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A Few Words From... James Cox

Former Newsnight political editor James Cox tells us why no vote is wasted

 

Every vote can count, even if it doesn't go to electing someone. I'd even argue that there’s no such thing as a ‘wasted’ vote – votes can accumulate to such an extent that they have a force of their own. There’s a rather mysterious thing called the wisdom of crowds, which means, I think, that though individuals may think they’re working in their own interests, jointly they can have such a cumulative effect that even politicians have to take notice of them.

 

A useful metaphor is to think of votes as snowflakes. One has no significance on its own. Several may betoken a change in the weather. A larger number will alter the landscape with a light dusting of snow, which may in time become a blanket coverage. If the snowflakes are numerous enough, it's a blizzard.

 

That's the answer to those gloomy souls who say: “Voting doesn’t change anything, so why bother?” It can, and it does. Think Thatcher in 1979 or Blair in 1997.

 

But nowadays, you may not even need a blizzard. As politics atomises, away from a two or two-and-a-half party system to a much more Continental system of many parties or factions, coagulating or disassembling, voting becomes ever more influential (though much more difficult, for pundits, politicians and people, to predict). At least that's the hope of those who see the two-party system as one that has had its day, 2015 notwithstanding.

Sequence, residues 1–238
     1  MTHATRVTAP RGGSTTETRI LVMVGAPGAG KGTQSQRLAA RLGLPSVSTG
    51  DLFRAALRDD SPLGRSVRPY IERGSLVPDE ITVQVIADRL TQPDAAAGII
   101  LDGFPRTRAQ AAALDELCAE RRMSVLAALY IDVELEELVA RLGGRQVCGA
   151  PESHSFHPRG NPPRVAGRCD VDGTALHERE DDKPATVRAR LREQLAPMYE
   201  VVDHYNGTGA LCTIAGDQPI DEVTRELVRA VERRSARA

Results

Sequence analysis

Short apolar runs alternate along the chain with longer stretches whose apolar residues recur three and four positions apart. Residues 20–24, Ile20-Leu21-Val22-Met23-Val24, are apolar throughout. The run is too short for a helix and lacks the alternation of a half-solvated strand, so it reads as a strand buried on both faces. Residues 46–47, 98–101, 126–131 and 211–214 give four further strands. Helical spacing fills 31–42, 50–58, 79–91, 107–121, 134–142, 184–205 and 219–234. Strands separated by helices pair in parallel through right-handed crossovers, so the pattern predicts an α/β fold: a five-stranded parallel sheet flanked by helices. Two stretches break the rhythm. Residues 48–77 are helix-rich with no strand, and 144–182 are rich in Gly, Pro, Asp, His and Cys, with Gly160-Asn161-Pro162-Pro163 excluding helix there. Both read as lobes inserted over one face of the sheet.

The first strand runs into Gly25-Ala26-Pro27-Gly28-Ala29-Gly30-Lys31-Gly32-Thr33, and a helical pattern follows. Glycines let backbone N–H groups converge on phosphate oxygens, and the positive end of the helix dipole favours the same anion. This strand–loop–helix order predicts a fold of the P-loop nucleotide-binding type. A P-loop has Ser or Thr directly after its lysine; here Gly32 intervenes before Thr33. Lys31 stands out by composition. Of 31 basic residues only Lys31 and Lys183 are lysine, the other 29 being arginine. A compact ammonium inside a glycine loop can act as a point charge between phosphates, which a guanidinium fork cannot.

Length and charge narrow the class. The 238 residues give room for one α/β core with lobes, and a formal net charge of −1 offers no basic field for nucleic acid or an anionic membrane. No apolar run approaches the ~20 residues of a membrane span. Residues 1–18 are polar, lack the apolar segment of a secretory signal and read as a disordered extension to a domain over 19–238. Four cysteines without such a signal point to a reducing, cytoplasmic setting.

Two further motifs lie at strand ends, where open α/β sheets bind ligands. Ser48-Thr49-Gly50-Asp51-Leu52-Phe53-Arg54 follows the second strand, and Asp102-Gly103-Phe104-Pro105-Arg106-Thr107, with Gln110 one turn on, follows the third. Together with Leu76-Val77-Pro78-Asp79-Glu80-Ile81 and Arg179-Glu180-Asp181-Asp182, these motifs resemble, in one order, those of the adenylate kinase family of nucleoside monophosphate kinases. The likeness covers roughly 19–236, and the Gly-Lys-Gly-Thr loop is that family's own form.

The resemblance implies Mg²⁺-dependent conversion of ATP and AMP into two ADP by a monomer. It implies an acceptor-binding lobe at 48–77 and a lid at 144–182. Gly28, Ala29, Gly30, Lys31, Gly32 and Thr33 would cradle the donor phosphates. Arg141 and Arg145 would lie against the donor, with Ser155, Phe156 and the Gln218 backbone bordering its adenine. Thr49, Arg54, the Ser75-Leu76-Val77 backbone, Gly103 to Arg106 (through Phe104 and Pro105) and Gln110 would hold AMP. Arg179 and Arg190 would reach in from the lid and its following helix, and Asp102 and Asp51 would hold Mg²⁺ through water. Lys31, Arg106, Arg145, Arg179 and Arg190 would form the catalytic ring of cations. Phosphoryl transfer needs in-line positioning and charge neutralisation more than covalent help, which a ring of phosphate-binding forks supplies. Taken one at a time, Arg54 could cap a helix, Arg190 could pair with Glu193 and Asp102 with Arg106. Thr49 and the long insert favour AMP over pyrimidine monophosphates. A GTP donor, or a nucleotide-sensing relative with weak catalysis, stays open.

And certainly voting - or, in this case not voting - could have a tremendous effect on the EU referendum. It is a striking psephological finding that older people are likely to vote Brexit, and the younger to vote to Remain (which strikes me as a curious inversion in itself). But voting indicators always show that the old are much more likely to vote than the young, so the result could reflect, not the view of the whole people but only that of those who take part in the process.
 

James Cox

About the Writer

James has been a journalist all his working life, in newspapers, radio and television, concentrating on political coverage and commentary. He began in Scotland, with the Daily Record and then BBC Scotland, charting the rise in nationalism and the start of devolution. After three years abroad, as the BBC’s New York Correspondent, he returned to London as a lobby correspondent at Westminster and as BBC Newsnight’s Political Editor. He ended up as main presenter of Radio 4’s The World This Weekend. Now retired from full-time journalism, he continues to write and broadcast and, freed from the BBC’s constraints of impartiality, is active in politics.

 

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